The world of Amari overlaps another reality, a realm of spiritual energy with intelligent entities of its own. Some of the Fae creatures mentioned before will be in this category. When a violent natural event occurs, such as a storm, fire, earthquake, landslide, blizzard, volcanic eruption etc., this energy leaks through and elementals are formed.  These don’t have much will, intelligence or life force of their own, and most will fade and die after a period of minutes to hours. Humans on the other hand can live for many decades, so have some to spare. If a human is present and allows the elemental to share a portion of their life force and reside in them, the two can form a relationship with benefits and drawbacks.  On the elemental side, it gets to live for longer and experience life vicariously through its human, but no longer really controls its actions, being virtually subsumed into the personality on the host. The human gains the ability to use the powers of the elemental hosted to a certain degree, but the extra drain on their life force means that their health and strength suffers and they usually have a shorter lifespan. The greater the event which formed the elemental, the more force the wielder can exert, but equally the greater toll on their health and the more energy they must expend to use their power.  Humans may also host more than one elemental if they are lucky enough to be in the right place at the right time to do so, and though this may bring much more power, most humans will be unable to sustain more than three or four before becoming too weak for normal activities.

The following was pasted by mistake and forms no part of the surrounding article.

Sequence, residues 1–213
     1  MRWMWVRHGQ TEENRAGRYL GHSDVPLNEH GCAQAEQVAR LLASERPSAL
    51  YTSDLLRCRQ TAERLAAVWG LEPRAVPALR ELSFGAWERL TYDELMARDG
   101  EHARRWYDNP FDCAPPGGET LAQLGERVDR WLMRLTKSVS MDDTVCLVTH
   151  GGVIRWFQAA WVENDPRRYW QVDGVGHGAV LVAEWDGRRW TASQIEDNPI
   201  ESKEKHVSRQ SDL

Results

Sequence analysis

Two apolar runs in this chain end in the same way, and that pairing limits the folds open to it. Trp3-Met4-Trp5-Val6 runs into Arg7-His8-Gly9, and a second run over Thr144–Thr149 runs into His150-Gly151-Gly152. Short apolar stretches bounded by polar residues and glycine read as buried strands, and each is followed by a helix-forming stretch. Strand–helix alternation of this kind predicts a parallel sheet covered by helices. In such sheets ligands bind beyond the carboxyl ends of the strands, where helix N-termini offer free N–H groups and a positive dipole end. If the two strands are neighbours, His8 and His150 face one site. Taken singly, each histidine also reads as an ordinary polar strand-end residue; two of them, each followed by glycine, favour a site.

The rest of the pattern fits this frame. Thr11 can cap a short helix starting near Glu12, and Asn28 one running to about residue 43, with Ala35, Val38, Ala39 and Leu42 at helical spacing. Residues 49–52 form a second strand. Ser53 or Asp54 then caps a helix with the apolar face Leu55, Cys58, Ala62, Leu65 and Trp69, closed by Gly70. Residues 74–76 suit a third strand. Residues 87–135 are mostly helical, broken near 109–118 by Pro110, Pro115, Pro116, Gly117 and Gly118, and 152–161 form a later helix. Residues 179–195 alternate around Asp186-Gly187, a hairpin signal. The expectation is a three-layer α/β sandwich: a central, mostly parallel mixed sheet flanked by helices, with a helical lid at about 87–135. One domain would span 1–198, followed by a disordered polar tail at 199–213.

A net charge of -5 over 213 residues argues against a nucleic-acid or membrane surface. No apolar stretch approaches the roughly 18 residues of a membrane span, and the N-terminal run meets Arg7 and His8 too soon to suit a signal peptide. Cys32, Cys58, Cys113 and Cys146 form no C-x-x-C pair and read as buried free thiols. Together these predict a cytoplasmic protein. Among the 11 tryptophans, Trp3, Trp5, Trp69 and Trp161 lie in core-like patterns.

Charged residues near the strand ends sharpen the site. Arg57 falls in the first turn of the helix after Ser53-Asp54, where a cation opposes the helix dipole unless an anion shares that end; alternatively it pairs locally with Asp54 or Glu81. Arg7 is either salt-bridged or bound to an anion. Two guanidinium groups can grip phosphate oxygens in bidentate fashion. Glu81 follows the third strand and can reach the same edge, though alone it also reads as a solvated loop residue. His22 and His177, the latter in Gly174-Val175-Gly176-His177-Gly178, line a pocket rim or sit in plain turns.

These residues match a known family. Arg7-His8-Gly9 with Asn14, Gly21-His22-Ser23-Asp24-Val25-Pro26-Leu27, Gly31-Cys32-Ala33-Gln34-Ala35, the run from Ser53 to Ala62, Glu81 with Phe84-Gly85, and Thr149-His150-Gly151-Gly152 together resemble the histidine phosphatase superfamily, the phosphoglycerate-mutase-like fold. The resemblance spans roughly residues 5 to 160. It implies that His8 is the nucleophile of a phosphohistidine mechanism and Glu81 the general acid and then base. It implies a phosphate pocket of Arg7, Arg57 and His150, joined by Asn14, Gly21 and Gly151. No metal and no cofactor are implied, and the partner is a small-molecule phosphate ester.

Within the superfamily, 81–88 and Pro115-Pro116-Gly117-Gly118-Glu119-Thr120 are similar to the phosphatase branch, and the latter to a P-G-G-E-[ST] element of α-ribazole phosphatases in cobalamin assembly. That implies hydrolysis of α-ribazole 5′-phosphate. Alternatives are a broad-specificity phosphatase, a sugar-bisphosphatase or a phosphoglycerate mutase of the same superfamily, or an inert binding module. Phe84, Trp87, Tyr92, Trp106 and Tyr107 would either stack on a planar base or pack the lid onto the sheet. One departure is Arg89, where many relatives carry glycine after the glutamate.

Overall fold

Naturally, big flashy battles can result!

I haven’t worked out the mechanics of hosting yet. I want it to be possible for anyone to host an elemental rather than have it restricted to rare, special individuals, instead leaving it to the rarity of a human being both present to take one on and knowing how to do so. Practically, certain types of mind may find it easier to accept this relationship

Of course, in a world of wars and diseases, power for years is not necessarily an unattractive deal.  A farmer, for instance, might find that an elemental saps his strength too much to make a living, but a soldier may well reason that without the power he may not see the traded years anyway. Someone who has the power to call up winds or can control local water currents will be in high demand by ship captains, and those with power to manipulate earth could be very valuable in construction jobs, able to level land and form trenches much faster than teams of normal men.

As with any power, people will be drawn to it for good and bad reasons, but the rarity of it should prevent it from dominating the world in too many ways. A powerful elemental user may be in high demand by armies, but will be as susceptible to anyone else to a knife in the night. Also, culture will certainly play a part.  Some cultures will see these bonds as natural and encourage them, while others may view elementals as demons trying to latch onto a human soul and steal it.  Obviously in these lands there won’t be many people choosing to host elementals, or at least not openly using magic. Bearing in mind the cost, not all of those who get the opportunity to use elemental magic will take it.

But for the people who do…

They get to be awesome.

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One thought on “Myth and Magic

  1. deshipley says:

    This *concept* gets to be awesome. 🙂 Always great to come up with new and varied ways to make the general idea of “magic” work for one’s own fantasy (which, let’s face it, just wouldn’t be the same without that elemement of feasibly unattainable *cool*).